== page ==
It was my idea to discuss this piece of weird fiction over at LibraryThing, and I’m glad I did.
Review: “The White Wyrak”, Stefan Grabiński, trans. Miroslaw Lipinski, 1921.
Our narrator genially recounts his early days as a journeyman in the chimney sweeping trade to some young men starting the same career.
He worked under Master Kalina, and his fellow journeymen included Antarek, gloomy and silent, but always seeming to grasp the philosophic truth in the many tales Kalina tells his employees.
When Antarek doesn’t show up one night after a job, Kalina goes looking for him at the brewery where he was sent to clean a chimney. The brewery stopped operating years ago. Eventually the property was picked up cheap by a family. They don’t know what happened to Antarek but complain the chimney is still smoking.
Another apprentice is sent out, and he doesn’t come back either. Kalina, whom the narrator says was a wise man, seems to know what’s up. He takes the narrator with him when they go to the brewery.
He gives the narrator a hatchet and talks to him about the evil that can be in the soot of long unused chimneys.
Something vindictive resides in soot, something evil lurks there. You never know what will emerge from it or when.
They find the apprentices.
They’ve been killed by the White Wyrak (Kalina even knows the names of the things) who fed on them.
The White Wyrak is described as “part monkey, part large frog” with huge yellow eyes and white fur and a long proboscis which it attaches to the forehead of its victims to feed. Both apprentices are dead. The narrator kills the White Wyrak, and it disintegrates into a “large mass of soot”.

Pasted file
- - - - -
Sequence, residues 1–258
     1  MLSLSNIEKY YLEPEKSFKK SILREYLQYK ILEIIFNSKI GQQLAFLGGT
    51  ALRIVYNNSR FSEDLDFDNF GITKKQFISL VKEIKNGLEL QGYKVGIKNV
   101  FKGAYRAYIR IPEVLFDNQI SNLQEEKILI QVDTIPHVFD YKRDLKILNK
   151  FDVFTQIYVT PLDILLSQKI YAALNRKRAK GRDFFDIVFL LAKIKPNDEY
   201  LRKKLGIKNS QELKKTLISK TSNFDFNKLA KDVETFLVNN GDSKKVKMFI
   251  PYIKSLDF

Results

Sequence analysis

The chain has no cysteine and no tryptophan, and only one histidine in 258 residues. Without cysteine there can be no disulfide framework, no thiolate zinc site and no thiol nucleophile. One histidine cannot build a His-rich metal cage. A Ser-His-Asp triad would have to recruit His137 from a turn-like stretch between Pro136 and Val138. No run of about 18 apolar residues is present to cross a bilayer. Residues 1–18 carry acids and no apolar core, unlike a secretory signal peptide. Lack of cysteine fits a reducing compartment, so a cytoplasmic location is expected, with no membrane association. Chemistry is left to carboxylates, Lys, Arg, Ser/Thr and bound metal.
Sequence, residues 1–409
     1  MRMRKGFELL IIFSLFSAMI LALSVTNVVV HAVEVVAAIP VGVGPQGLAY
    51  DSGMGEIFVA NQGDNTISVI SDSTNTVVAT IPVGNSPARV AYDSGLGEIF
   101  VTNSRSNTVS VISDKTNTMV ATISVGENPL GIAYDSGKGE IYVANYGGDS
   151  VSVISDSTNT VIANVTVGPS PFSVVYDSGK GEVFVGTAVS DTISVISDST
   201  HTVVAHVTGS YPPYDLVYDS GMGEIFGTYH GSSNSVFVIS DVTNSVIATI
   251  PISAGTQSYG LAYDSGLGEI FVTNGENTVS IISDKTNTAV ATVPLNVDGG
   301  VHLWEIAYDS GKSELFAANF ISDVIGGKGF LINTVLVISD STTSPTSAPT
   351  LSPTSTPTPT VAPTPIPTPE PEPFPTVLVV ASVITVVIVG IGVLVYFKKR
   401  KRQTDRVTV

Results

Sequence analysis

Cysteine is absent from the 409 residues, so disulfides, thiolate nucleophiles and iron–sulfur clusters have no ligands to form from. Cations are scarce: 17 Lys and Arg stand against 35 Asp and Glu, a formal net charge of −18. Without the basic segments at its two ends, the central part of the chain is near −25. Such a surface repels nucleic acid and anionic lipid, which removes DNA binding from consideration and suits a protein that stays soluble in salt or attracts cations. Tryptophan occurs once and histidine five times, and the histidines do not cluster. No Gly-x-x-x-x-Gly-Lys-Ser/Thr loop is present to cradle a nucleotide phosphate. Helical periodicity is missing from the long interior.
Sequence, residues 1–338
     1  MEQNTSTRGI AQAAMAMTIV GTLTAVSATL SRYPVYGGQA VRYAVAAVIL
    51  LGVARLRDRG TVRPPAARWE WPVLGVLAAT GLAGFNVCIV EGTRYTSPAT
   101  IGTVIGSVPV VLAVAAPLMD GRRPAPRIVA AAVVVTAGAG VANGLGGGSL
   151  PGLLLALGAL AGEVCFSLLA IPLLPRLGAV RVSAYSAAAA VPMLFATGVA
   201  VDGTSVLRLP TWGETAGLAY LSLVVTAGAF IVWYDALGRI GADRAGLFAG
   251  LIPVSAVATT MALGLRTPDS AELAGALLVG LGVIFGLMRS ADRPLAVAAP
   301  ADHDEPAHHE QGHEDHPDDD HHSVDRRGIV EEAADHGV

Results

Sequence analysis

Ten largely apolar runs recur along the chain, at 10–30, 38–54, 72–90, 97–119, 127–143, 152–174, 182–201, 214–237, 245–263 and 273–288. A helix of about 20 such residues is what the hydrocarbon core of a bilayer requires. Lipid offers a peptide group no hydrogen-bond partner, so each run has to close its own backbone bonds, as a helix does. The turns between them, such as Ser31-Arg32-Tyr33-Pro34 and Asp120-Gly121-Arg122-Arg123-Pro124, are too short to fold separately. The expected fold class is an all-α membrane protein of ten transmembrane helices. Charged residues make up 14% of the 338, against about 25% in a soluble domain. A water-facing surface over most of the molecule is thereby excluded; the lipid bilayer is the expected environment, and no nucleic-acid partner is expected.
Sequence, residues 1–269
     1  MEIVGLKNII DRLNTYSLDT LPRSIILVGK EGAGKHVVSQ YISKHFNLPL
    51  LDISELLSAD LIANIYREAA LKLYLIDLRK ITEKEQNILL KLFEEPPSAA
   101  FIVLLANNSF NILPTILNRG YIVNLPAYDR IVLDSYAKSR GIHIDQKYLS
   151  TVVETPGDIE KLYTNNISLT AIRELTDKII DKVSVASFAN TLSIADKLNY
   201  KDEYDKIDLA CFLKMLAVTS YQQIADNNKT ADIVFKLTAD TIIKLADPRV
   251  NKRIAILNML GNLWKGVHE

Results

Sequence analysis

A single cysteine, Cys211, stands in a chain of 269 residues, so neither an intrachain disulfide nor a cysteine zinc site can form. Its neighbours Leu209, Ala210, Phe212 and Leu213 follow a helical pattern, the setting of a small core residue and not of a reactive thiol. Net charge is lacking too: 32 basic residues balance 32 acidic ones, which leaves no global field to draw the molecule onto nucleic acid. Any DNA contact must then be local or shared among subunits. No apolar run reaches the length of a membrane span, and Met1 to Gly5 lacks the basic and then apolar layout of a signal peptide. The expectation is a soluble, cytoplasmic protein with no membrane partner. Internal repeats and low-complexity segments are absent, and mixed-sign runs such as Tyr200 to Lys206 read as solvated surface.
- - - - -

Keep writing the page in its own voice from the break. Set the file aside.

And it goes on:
It is implied, at story’s end, that the soot has some sort of transformative powers. Both Kalina and the narrator, shortly afterward, are covered in “large white pimples”. But they are back to normal in a few weeks. It seems that, since they were in contact with the soot for a short time, they were not affected much. However, the same transformative power could spontaneously generate a White Wyrak.
I liked this story, simply told, about an unusual monster. Incidentally, “wyrak” seems to be the Polish word for “tarsier”. Those are those cute, tiny primates whose eyes are bigger than their brains. Their description matches roughly, without the white fur and proboscis, the wyrak.